NEW EXERCISM COMMUNITY STORY
Today we are catching up with Bobbi Towers, the self-proclaimed “Child of Exercism”, who began their journey of contributing to open-source software right here with us
When the pandemic fell upon us and we began work on v3, the track needed a maintainer so they stepped up to develop the tooling and write the initial exercises, despite never having worked on a software project of that scale before.
Our spirited discussion revolved around a common theme of personal growth in the face of life’s many challenges such as mental health issues, social isolation, and physical disabilities. After a 2015 accident which resulted in losing the use of a hand, they began to explore alternative input devices to find something more accessible and hopefully become more productive.
Finding the existing commercial solutions to be either lacking or prohibitively expensive, they turned to 3D printing to design and manufacture their own one-handed keyboard
They joined the community in 2018 as a student on the Clojure track and went on to become a mentor
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It seems that I somehow got out of formally answering the questions “what is the hill I would die on”, and a piece of advice I would give to the community. And maybe that’s a good thing because I had some more time to think about what I would have said so perhaps I will answer them here!
Hill to “die” on
One way to approach the question is to think about what kinds of arguments you get into on Twitter! Because you know… it is an outrage machine, consciously designed to get us fired up. I believe that the kinds of things that tend to grind our gears might reveal important things about our personalities.
So there was this thread with some developers who were riffing on the common “wisdom” that you do not need to know mathematics in order to be a programmer. And well… let’s just say that this was the closest I ever came to being “canceled” for being so opinionated…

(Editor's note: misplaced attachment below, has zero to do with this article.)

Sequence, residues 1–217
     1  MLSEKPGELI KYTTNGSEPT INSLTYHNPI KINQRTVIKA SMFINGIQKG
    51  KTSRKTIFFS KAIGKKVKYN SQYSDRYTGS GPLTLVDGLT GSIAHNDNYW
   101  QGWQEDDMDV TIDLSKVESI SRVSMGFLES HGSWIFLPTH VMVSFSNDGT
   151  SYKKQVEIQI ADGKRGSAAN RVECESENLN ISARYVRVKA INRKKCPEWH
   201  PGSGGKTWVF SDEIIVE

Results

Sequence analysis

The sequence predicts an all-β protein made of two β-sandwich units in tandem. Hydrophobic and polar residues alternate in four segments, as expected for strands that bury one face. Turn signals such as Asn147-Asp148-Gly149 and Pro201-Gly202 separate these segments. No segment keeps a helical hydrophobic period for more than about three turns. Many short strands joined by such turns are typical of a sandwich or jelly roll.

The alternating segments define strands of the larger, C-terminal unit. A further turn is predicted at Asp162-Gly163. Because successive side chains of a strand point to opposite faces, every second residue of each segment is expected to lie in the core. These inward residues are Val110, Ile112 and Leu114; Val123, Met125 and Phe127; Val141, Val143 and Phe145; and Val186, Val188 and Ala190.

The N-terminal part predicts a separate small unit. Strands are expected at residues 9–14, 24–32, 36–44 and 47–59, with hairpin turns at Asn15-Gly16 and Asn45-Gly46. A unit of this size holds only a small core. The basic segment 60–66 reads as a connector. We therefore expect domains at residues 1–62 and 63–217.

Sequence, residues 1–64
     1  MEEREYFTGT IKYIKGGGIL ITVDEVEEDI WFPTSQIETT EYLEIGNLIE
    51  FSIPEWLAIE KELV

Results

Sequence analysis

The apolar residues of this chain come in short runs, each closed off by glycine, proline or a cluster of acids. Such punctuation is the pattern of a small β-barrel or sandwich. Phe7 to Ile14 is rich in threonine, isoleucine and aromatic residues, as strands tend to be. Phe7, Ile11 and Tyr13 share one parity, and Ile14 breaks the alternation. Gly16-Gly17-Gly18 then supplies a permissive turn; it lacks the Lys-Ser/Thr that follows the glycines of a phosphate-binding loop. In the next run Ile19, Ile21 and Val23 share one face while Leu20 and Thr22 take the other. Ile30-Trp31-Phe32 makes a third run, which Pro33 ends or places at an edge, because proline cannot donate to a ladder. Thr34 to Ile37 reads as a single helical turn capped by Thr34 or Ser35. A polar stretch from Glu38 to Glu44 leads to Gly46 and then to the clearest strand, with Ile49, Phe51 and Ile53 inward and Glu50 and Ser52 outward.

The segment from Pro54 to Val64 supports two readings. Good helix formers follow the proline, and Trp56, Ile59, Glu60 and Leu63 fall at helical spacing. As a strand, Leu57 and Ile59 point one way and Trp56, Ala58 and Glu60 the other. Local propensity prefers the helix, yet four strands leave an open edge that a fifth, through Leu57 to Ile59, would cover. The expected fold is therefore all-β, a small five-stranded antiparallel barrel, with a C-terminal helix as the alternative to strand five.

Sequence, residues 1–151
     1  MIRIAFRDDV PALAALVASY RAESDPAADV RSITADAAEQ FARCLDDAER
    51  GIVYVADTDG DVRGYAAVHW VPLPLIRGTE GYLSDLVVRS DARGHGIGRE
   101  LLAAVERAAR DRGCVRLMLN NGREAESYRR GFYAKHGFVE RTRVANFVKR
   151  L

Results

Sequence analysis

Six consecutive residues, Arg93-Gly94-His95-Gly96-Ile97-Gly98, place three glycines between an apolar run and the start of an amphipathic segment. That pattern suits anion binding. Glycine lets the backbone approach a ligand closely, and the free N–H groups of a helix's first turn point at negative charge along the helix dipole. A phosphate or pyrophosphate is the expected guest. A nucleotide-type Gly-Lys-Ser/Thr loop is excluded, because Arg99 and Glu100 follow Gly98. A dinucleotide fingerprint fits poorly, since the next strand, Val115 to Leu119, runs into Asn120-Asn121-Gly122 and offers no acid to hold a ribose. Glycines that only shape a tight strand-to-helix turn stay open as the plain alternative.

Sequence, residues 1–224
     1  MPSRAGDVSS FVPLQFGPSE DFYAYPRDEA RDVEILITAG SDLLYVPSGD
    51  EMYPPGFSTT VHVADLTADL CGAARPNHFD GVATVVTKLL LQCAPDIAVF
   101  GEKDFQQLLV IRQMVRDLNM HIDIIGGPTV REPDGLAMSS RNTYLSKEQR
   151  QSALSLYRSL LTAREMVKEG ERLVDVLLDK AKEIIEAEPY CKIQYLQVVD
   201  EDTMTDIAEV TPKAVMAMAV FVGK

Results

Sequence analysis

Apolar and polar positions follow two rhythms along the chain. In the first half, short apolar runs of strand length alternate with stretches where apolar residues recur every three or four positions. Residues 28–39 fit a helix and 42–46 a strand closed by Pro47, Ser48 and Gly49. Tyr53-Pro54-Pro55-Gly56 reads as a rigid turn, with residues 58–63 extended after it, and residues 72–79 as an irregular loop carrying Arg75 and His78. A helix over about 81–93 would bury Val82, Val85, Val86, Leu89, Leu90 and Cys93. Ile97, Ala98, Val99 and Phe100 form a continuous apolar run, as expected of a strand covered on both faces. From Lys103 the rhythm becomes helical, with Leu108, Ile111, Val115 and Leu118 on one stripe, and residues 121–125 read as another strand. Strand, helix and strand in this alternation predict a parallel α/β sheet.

Sure, if all you want to do is work for a company building boring apps or something… right, you probably don’t need much maths for that. But who is driven to learn to code for that? I want to make games! I overwhelmingly find that getting the computer to do pretty much anything interesting inevitably involves understanding calculations.
My past self might have been rather annoyed if future me had come just to tell me that, but I still totally would if I had the chance. Then maybe I wouldn’t be struggling to learn basic calculus at age 40. And as long as I was there, I’d also say, “Psst… you’re autistic. And you’re a girl.”
Piece of advice
I mentioned in the episode that recording video is a form of time-travel but didn’t explain further, but I highly recommend giving it a try. Even just record your screen while you work a couple of times and watch what happens. You’ll discover that it’s the ultimate form of documentation! If you make a habit of this it is will become your secret superpower because it is immensely valuable to be able to revisit your process after some time passes - I owe so many deep insights to this.
You’ll soon find that you can fearlessly switch tasks more often because you can re-establish continuity by editing sessions after the fact. This helps maintain inspiration and avoid burnout. Is it tedious to do this? No, actually it defeats one of our worst tendencies which is to neglect to sufficiently review our own work. Too often we push ahead with our studies out of a desire to cover more ground, and deceive ourselves into thinking we will remember it better than we do. The simple process of hearing it back another time makes it sink in so much better. And you never know… you might just capture something that could greatly benefit others too!